WHO 3-step Analgesic ladder COX-2, Aspirin, Acetaminophen, Diclofenac, Ibuprofen,  Tenoxicam, Panadeine, Nurofen.  Pain ra...
Breakthrough pain <ul><li>Use extra (rescue) doses of opioids.  </li></ul><ul><li>Use the immediate-release form of same o...
Pain management through medication and/or neurosurgery <ul><li>Oral analgesia </li></ul><ul><li>PCA (Patient-controlled an...
Manage side-effects opiates: <ul><li>Constipation </li></ul><ul><li>Tolerance to nausea and sedation develops in 3-7 days....
Narcotic analgesics <ul><li>Narcotic analgesics (from the poppy) </li></ul><ul><ul><li>Morphine </li></ul></ul><ul><ul><li...
KIWIN™ Classification PROBLEM IDENTIFICATION Domain: Physiological domain Problem: 24. Pain Priority: High Modifier: Indiv...
KIWIN™ Classification <ul><li>PROBLEM PLANNING </li></ul><ul><li>Pre Intervention PRSO </li></ul><ul><li>Knowledge: Minima...
KIWIN™ Classification <ul><li>PROBLEM INTERVENTION </li></ul><ul><li>Creation Date: 28/2/2007 </li></ul><ul><li>Interventi...
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Pain Management In Nursing4 With K I W I N

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Pain Management

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  • Transcript of "Pain Management In Nursing4 With K I W I N"

    1. 1. Acute and chronic pain Contemporary and alternative treatments
    2. 2. Pain—the definition…. <ul><li>An unpleasant sensory and emotional experience associated with actual or potential tissue damage. </li></ul><ul><li>Most common reason for seeking health care. </li></ul><ul><li>Pain is considered the 5 th vital sign. </li></ul><ul><li>Research has shown pain underestimated by HC professionals, overestimated by family </li></ul>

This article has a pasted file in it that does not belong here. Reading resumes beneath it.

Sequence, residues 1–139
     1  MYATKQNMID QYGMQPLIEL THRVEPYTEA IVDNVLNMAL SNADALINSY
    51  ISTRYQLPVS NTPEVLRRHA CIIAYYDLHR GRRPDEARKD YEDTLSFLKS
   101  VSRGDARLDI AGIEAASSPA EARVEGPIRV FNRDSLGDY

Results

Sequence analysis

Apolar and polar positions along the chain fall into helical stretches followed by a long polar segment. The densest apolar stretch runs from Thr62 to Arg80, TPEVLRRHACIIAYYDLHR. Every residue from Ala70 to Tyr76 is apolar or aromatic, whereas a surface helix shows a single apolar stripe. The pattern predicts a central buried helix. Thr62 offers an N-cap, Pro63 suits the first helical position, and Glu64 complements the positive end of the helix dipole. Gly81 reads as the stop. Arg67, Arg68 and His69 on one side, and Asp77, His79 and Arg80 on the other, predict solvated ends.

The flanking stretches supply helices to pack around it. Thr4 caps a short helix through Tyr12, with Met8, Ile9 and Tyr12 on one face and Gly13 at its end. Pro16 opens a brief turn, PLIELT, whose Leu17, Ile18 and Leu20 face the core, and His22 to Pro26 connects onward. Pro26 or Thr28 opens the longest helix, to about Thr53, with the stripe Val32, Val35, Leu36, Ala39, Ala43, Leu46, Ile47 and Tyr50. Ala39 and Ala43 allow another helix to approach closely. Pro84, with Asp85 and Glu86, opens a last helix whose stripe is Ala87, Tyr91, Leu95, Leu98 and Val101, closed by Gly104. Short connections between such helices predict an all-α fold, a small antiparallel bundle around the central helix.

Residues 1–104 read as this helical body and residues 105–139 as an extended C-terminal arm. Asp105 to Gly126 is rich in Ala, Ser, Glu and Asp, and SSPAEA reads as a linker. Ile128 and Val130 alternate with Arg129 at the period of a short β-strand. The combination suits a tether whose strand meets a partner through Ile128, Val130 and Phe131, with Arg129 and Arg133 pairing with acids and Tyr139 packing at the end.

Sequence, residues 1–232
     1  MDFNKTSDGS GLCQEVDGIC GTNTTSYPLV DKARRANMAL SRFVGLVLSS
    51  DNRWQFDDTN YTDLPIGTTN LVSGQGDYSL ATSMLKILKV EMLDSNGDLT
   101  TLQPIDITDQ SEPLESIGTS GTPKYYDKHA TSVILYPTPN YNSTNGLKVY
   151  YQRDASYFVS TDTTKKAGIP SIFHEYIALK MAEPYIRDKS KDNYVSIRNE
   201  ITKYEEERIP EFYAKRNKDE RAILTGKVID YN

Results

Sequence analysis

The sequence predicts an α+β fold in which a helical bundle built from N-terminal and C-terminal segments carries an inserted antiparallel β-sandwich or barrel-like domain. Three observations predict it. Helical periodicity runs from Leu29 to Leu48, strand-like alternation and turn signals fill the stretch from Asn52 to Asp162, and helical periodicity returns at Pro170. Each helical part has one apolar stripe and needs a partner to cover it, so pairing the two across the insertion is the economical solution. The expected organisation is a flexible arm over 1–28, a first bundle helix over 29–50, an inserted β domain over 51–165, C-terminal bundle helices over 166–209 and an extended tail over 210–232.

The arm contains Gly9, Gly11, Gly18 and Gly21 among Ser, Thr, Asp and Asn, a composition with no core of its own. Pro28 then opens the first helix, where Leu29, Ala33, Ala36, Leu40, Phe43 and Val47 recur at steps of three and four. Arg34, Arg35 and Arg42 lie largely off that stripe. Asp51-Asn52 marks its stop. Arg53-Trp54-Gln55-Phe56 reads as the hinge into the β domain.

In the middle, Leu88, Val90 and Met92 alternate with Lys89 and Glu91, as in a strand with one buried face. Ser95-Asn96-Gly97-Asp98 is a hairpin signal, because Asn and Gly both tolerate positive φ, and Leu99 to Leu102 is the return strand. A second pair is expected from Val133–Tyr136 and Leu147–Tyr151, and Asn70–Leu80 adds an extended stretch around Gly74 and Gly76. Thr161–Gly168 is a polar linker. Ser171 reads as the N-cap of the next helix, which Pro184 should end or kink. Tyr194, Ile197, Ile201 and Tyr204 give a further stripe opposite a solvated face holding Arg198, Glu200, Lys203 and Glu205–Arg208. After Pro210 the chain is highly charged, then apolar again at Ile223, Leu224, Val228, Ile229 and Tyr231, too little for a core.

3. 3. Is there a problem? <ul><li>As many as 67% NZ women 65 years and older experience musculoskeletal pain (Taylor, 2005) </li></ul><ul><li>In nursing homes 45-85% report pain untreated (Flaherty, 2003). </li></ul><ul><li>Nurses may contribute to this problem (Titler & Herr, 2003) </li></ul><ul><li>Unrelieved pain can have detrimental effects (Smeltzer & Bare, 2004) </li></ul>
    4. 4. Pain assessment: <ul><li>Should be as automatic as taking pulse and BP. </li></ul><ul><li>Pain is the 5 th vital sign </li></ul>
    5. 5. Common Misconceptions among Elderly and Nurses <ul><li>Pain is unavoidable. </li></ul><ul><li>Pain is a punishment. </li></ul><ul><li>Asking for pain medication is too demanding and means I’m not a good patient. </li></ul><ul><li>Pain medication are addictive. </li></ul><ul><li>Taking pain medications means I’ll lose my independence and mental clarity. </li></ul><ul><li>Pain is not harmful. </li></ul><ul><li>Nurses don’t have the time to give extra medication. </li></ul><ul><li>Elderly patients have decreased sensations of pain. </li></ul><ul><li>Elderly patients who are cognitively impaired don’t feel pain. </li></ul><ul><li>A sleeping patient is not in pain. </li></ul><ul><li>Elderly patients complain more about pain as they age. </li></ul><ul><li>Narcotics will hasten death. </li></ul><ul><li>Potent analgesics are addictive. </li></ul><ul><li>Potent pain meds will cause respiratory depression. </li></ul>